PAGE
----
Officially he is still music director designate of Royal Northern Sinfonia but Lars Vogt – that’s pronounced “Foakt” – was given a warm North East welcome at Sage Gateshead at the weekend.
He took the baton for the first time since being appointed Thomas Zehetmair’s replacement to open the resident orchestra’s new season.
In the first of two concerts he will conducting 2014-15, he also launched the orchestra’s Beethoven symphony cycle during which all nine of the composer’s symphonies will be performed, more or less on a monthly basis, through until next June.
First up, perhaps to catch the last vestiges of summer, was number six, the ‘Pastoral’, which would probably figure on any list of the most popular classics with its evocations of rolling pasture, scudding clouds and trees alive with birds.
The concert, in front of a sell-out audience, was broadcast live on BBC Radio 3 – hence the spinney of microphones on stage.
The BBC announcer echoed the view of a national newspaper critic who called our Royal Northern Sinfonia “the best chamber orchestra in the country”.
The performance was also dedicated to the memory of conductor and early music pioneer Frans Brüggen, a “great musician and friend of Royal Northern Sinfonia”, who died in August.
No pressure at all, then, on the new boy on the conductor’s podium.
The concert began with Beethoven’s Egmont Overture, written for a revival of a play by Goethe which he greatly admired. It was a short but stirring reminder of thunderous symphonic epics to come, the storms after the gently melodic Pastoral.
Then came Brahms’ Violin Concerto, with the spotlight falling on Alissa Margulis, the celebrated young German-born soloist.
This has the reputation of being technically demanding and if I say that it looked it, that’s not intended as derogatory.
The piece kicked off as it meant to go on, full of fizz and fire, and Margulis delivered a performance full of energy and confidence.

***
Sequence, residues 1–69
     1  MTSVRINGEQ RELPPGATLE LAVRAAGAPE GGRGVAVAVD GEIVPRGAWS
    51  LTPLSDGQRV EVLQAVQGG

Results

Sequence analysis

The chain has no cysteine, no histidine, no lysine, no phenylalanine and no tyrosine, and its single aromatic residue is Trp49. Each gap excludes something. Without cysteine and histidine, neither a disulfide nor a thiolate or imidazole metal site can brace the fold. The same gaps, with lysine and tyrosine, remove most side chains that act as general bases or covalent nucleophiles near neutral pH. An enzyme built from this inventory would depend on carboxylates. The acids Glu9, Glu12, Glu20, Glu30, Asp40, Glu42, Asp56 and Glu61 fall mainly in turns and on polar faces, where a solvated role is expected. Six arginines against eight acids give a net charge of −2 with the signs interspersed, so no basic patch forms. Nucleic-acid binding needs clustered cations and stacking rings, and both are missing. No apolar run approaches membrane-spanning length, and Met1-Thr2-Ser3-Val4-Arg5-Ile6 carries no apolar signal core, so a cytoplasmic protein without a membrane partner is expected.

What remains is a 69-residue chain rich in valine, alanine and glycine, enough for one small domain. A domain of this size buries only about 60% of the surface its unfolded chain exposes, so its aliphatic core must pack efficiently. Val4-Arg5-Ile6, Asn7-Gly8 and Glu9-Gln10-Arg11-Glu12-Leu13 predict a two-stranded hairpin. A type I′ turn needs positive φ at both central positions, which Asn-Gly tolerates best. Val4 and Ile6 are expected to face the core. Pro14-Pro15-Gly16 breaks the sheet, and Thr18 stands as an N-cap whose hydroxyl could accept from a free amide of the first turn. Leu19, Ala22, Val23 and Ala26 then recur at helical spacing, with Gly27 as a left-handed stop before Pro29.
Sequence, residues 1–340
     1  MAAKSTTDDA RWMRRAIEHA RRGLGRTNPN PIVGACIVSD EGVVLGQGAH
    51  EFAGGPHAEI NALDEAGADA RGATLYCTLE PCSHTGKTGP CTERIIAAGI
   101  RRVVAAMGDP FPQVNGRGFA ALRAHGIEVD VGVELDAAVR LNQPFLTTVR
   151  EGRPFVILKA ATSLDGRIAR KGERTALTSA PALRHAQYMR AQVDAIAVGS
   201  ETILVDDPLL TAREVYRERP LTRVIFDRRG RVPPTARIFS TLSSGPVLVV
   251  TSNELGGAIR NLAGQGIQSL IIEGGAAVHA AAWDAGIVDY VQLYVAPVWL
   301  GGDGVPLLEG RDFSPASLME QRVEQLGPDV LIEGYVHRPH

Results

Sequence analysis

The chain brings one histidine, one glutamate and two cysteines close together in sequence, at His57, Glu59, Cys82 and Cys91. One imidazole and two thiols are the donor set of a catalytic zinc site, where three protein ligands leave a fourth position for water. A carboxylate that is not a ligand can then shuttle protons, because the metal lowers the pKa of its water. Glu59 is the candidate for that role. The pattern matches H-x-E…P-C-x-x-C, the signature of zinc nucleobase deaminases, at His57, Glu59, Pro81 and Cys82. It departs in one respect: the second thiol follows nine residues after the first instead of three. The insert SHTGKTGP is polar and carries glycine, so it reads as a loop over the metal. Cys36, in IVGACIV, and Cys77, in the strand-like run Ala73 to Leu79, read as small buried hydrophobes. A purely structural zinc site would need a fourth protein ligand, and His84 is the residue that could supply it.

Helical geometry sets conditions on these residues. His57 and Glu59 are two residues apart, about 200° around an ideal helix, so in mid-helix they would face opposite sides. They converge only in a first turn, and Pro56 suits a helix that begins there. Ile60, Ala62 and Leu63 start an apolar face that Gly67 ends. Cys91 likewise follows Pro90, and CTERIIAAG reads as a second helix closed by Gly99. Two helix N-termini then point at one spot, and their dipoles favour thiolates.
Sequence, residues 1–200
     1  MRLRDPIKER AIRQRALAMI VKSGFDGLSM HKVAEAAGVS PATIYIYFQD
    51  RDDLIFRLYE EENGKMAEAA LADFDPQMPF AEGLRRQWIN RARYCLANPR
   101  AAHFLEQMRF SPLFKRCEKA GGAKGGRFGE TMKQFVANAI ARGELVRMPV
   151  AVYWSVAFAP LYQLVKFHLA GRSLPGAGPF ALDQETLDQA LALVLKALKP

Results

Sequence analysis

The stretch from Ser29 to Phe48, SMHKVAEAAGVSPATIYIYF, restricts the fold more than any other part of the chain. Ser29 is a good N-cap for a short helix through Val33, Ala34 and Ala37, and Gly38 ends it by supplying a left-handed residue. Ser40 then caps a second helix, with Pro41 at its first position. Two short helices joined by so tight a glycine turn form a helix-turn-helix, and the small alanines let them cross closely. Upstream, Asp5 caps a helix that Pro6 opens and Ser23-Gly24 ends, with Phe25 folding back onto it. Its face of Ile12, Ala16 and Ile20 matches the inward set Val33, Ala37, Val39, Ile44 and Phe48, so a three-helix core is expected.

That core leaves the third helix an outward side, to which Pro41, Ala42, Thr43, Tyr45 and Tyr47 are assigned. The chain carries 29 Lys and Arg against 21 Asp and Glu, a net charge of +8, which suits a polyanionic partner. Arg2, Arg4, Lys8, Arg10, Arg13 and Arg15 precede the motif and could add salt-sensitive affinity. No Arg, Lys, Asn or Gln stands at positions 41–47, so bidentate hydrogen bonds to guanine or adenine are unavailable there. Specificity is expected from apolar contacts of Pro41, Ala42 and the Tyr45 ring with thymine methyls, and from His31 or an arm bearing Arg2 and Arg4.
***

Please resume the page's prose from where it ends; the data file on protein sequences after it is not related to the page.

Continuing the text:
When the interval came, it was probably the audience who needed to relax.
Performing Beethoven’s symphonies one after the other is an audience-pleasing ruse guaranteed, you would imagine, to generate ticket sales in challenging times.
But that doesn’t make it a bad idea. Swelling the audience for classical music in the North East is important and you won’t do that with seasons of 20th Century minimalism.
But at Sage Gateshead they have done both and will continue to do so. The more friends the orchestra can make at home, the better.
This concert showed what can be done. The place was packed, the performances exemplary and Lars Vogt graciously responded to wave after wave of applause.
From the rear, which is the way we see him, he cuts a more compact and spring-loaded figure than the elegant Zehetmair.
But the result is still pretty good. And one of the musicians confided that he is fun to work with, music being part of life rather than life itself. This was the Zehetmair approach although the musician did confide, to my surprise, that he had been a fan of Father Ted on the TV.
We will be seeing a lot more of Lars Vogt, which is good. The next Beethoven symphony, number four, is on October 23, with John Lill also performing Brahms’ Piano Concerto No. 2.